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It’s a weak deal, but now Md. HOAs can get some money in foreclosures

If you live in a Maryland condominium or are in a homeowners’ association, the Maryland General Assembly has just provided you a modicum of protection from neighbors who don’t pay their dues. For first-trust mortgages recorded after October 1, if the homeowner is delinquent on association fees when a lender forecloses, the lender will have to pay the association up to $1,200 of the delinquency.

Without such a law, when a lender forecloses on a home in a community association, there is no practical way the association can recoup any money that the homeowner owes. Although a delinquency can become a lien against the home, the lien is erased by foreclosure. Suing the delinquent homeowner is often a wasted exercise; there may be no money available to collect even if the courts award a money judgment to the association.

Over the years, many states have recognized that this is unfair to the rest of the association members. Community associations rely on fees collected from homeowners in order to survive.

For example, in the District, if an institutional lender forecloses, it must pay the association up to six months of the delinquent assessments. Virginia has no such super-assessment priority laws. But 15 other states have enacted laws that provide a priority of six months’ worth of delinquent fees or more. Delaware adopted a six-month priority law in 2008; Florida extended its priority lien from 6 months to 12 months last year.

For many years, community association leaders such as the Community Associations Institute have been trying to get such a priority-lien law in Maryland. But the bankers and other financial institutions have a strong lobby and vigorously opposed any infringement on their right to foreclose. Finally, in the waning hours of the 2011 Maryland legislative session, a compromise measure was reached.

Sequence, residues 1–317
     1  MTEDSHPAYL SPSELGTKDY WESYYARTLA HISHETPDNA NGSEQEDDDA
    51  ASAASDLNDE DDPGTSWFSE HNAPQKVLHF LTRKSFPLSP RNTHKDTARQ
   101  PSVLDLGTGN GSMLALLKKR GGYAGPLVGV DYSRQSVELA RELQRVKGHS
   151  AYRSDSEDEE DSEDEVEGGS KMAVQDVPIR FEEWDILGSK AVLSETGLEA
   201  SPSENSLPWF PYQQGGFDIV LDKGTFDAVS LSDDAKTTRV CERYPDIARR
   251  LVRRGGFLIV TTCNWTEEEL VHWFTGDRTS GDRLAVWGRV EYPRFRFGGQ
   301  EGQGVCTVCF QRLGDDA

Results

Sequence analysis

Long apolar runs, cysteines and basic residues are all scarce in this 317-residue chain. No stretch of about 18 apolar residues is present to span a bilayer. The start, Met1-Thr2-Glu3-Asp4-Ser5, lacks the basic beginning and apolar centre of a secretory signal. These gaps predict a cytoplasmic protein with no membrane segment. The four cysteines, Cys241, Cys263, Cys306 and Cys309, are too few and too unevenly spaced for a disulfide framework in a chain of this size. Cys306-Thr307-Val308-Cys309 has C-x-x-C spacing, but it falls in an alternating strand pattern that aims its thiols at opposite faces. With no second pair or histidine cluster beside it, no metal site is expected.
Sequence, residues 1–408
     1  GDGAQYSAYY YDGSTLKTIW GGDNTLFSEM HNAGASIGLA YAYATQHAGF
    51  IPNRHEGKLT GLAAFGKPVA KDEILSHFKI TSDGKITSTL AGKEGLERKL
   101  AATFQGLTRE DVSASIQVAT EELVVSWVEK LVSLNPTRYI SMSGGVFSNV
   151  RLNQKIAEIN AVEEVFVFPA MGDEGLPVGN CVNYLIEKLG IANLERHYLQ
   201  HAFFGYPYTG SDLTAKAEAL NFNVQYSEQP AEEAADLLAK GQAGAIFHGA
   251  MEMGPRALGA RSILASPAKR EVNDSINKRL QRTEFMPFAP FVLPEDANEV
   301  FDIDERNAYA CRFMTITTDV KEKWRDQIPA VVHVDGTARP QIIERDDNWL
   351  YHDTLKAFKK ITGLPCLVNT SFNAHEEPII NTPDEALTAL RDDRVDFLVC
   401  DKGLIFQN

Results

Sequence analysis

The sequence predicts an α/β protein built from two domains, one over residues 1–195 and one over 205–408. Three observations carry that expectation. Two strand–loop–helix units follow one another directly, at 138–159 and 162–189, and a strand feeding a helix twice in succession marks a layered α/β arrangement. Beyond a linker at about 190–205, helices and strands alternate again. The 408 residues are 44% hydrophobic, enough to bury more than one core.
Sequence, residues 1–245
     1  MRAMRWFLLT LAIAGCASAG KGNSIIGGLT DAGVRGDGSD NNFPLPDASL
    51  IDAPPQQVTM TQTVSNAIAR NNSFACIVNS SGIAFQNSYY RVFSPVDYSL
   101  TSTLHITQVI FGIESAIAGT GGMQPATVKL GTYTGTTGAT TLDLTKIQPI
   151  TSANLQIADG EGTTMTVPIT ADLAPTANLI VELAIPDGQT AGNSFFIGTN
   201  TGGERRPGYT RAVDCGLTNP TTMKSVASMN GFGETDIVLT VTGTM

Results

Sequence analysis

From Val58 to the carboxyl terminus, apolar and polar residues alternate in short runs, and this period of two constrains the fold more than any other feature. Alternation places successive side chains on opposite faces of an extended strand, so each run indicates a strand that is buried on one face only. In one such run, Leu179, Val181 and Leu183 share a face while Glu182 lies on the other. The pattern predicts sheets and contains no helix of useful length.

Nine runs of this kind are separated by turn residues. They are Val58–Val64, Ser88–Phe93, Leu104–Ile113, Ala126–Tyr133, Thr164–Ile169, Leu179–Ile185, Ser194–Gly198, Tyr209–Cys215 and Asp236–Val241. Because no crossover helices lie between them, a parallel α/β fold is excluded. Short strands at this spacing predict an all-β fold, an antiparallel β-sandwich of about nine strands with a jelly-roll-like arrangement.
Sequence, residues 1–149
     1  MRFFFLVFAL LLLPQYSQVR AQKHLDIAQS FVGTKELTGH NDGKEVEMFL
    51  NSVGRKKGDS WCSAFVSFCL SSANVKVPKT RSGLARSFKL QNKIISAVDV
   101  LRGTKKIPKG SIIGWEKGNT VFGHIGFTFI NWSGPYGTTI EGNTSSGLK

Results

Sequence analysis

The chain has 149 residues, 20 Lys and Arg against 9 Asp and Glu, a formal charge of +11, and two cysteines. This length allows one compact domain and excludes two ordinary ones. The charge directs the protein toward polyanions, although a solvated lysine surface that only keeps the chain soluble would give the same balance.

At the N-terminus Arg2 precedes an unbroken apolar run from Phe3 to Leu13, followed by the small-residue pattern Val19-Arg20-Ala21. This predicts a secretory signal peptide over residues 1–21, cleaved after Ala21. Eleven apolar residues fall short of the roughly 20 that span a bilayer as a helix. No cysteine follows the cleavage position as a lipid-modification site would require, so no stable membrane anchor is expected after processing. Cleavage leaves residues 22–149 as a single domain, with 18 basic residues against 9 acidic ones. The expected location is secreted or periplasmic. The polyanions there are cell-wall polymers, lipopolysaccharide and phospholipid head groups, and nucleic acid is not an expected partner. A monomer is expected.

The new law gives community associations a four-month priority lien over any first mortgage recorded after October 1. But that is capped at $1,200, which may be considerably less than the delinquency. Furthermore, while other state laws include such items as late fees, legal fees and special assessments in the computation of the delinquency, in Maryland the amount of the delinquency can be based only on the actual, unpaid regular assessment.

According to Hugh Lewis, a community association lawyer in Bellingham, Wash., “Maryland’s new law runs counter to the evolving trend. Freddie and Fannie accept project documents which give an association’s lien a superpriority over the lien of the first mortgage of up to six months. Holding the superpriority to four months and capping that at $1,200 is regressive.”

But Maryland lawyers who actively lobbied for this legislation are pleased to have gotten this far after so many frustrating years of being rejected by the legislature. According to Tom Schild, a community association lawyer in Rockville, “would we have preferred six months plus late fees, interest and collection costs? Yes. Was it achievable in light of local/state politics? No.”

Foreclosures hurt community associations in their pocketbook. At least, some financial assistance will now be available in Maryland, but only for future loans that may be foreclosed upon. The new law will not practically become useful for a long time. Lenders are now very conservative in deciding whether to make loans. Credit scores must be fairly high and down payments larger than in the past. Perhaps in the long run that will reduce the huge number of foreclosures that homeowners have been experiencing. According to RealtyTrac, an organization that tracks nationwide foreclosures, in March alone there were 2,150 new foreclosure filings in the state. (For details, go to

Benny L. Kass is a Washington lawyer. This column is not legal advice and should not be acted upon without obtaining your own legal counsel. For a free copy of the booklet “A Guide to Settlement on Your New Home,” send a self-addressed stamped envelope to Benny L. Kass, 1050 17th St. NW, Suite 1100, Washington, D.C. 20036.


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